When I was a 4th year med student doing a cardiology sub-internship I came up with 5 rules of medicine. One of them was Trust No One. This was mostly based on shady admission histories we’d get from the EM resident. In retrospect it wasn’t really their fault that people like their patients overly-packaged and silver-plattered when delivered from the ED, but that’s a topic for another day. It does get to the crux of this EKG however (which no one got right on the quiz).
We’ll follow our typical approach. Looking at the Rate, we count off big boxes, 300, 150, 100, 75, just short of 60; the rate is a little over 60. Looking at the Rhythm we see P’s before every QRS and no lost P waves; this is Normal Sinus Rhythm. Now we start at intervals and complexes. The PR honestly is a little on the short side, but we see no evidence of pre-excitation so that probably just reflects a relatively young heart.
Now we start on the QRS which is where some abnormalities start arising. We haven’t talked about axis in this series at all; for better or worse axis isn’t frequently evaluated by EP’s. Let’s take a closer look at lead I:
The main deflection of the QRS is down; it’s an S wave. That isn’t normal. Lead I can be imagined as a horizontal line drawn from the right arm to the left arm if the arms are outstretched. The dominant S wave in I means that this EKG has a right axis.
Look again at lead II as well. This lead has a fairly bizarre low-voltage, nearly isoelectric QRS which is very strange. II generally shows the rhythm well enough that the computer frequently defaults to it as one of the rhythm strips; here we can barely see the QRS, much less the P wave.
A number of people suggested an inferior STEMI; indeed there is 0.5-1mm of STE in III and 0.5mm in aVF. In addition there is STD to aVL; it is common for the reciprocal STD to be more prominent than the inferior STE.
At this point though we would have an 35 y.o. patient with a right axis and an inferior STEMI; the abnormalities are mounting up. There’s another solution, and it returns us to the opening paragraph. We assume when we’re handed an EKG that it was done correctly. When things just don’t make sense we must question whether that is true just as you would a diluted blood sample run by the lab. If you repeat this EKG and ask the tech to pay careful attention to hooking up the limb leads correctly you will see the following EKG from the same patient:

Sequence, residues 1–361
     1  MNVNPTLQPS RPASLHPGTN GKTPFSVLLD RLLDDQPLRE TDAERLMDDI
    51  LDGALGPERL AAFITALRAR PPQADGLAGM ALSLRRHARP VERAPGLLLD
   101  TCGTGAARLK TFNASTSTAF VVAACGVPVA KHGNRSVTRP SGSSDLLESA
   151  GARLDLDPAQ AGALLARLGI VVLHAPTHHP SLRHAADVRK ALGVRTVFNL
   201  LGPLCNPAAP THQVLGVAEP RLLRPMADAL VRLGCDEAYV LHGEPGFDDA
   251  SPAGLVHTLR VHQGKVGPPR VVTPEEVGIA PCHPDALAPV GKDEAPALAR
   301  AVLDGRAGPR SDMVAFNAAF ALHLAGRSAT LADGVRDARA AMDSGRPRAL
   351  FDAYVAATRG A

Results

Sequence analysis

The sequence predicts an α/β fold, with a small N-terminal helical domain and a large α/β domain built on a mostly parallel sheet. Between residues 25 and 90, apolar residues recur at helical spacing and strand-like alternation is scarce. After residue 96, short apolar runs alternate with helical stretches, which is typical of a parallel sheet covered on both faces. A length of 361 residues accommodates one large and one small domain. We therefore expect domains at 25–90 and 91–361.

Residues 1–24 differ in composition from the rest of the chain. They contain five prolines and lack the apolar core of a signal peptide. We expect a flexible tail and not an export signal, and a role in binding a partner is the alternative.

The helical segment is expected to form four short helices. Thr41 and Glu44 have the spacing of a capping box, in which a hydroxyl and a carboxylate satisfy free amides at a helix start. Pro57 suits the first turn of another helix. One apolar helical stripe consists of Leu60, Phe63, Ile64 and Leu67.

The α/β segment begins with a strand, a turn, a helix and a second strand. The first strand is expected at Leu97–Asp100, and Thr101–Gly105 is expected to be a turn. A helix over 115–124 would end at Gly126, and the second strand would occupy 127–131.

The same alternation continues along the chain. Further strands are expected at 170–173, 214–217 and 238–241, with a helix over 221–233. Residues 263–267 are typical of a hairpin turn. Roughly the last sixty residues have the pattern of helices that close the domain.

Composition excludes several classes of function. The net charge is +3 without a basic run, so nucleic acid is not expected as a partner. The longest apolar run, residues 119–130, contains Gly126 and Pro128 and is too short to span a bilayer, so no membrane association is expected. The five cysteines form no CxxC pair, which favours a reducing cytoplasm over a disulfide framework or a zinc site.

The axis has corrected itself and what’s more, the inferior STE has as well! In this case there were probably 3 leads in the wrong place, not just two.
A number of people questioned HOCM on the quiz, likely based on the prominent chest voltages. This patient doesn’t really meet criteria for LVH, the predominant voltages in V2 and V5 add up to less than 7 big boxes. 12mm of deflection in aVL can also represent LVH, but that will be a positive deflection. In this case it’s downward and the strong S wave in aVL is another clue that the limb leads just look wrong and should be repeated. Most (though not all) of the time HOCM patients will have T wave abnormalities in the hypertrophied chest leads, and also commonly (though not always) will have inferior q waves. We’ll come back to HOCM at an EKG to be named later. In this case the prominent voltages likely just represent a thin chest wall.